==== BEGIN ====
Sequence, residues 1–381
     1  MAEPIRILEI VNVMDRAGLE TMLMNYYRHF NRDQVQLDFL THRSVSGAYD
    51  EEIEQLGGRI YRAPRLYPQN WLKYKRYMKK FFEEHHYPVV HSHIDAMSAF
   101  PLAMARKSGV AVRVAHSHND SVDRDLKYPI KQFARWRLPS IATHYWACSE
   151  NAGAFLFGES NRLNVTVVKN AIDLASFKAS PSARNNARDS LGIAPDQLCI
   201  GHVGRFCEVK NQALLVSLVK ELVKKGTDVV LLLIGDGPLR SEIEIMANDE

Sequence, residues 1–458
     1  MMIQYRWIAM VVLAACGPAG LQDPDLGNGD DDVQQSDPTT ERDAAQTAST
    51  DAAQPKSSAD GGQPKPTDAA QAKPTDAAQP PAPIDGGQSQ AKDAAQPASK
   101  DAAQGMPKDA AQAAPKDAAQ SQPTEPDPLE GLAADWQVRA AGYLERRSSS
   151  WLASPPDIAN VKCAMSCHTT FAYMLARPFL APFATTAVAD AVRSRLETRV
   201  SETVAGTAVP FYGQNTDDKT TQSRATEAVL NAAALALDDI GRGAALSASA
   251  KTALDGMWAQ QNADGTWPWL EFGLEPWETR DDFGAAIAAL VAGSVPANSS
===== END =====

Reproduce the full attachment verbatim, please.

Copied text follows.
Sequence, residues 1–381
     1  MAEPIRILEI VNVMDRAGLE TMLMNYYRHF NRDQVQLDFL THRSVSGAYD
    51  EEIEQLGGRI YRAPRLYPQN WLKYKRYMKK FFEEHHYPVV HSHIDAMSAF
   101  PLAMARKSGV AVRVAHSHND SVDRDLKYPI KQFARWRLPS IATHYWACSE
   151  NAGAFLFGES NRLNVTVVKN AIDLASFKAS PSARNNARDS LGIAPDQLCI
   201  GHVGRFCEVK NQALLVSLVK ELVKKGTDVV LLLIGDGPLR SEIEIMANDE

Sequence, residues 1–458
     1  MMIQYRWIAM VVLAACGPAG LQDPDLGNGD DDVQQSDPTT ERDAAQTAST
    51  DAAQPKSSAD GGQPKPTDAA QAKPTDAAQP PAPIDGGQSQ AKDAAQPASK
   101  DAAQGMPKDA AQAAPKDAAQ SQPTEPDPLE GLAADWQVRA AGYLERRSSS
   151  WLASPPDIAN VKCAMSCHTT FAYMLARPFL APFATTAVAD AVRSRLETRV
   201  SETVAGTAVP FYGQNTDDKT TQSRATEAVL NAAALALDDI GRGAALSASA
   251  KTALDGMWAQ QNADGTWPWL EFGLEPWETR DDFGAAIAAL VAGSVPANSS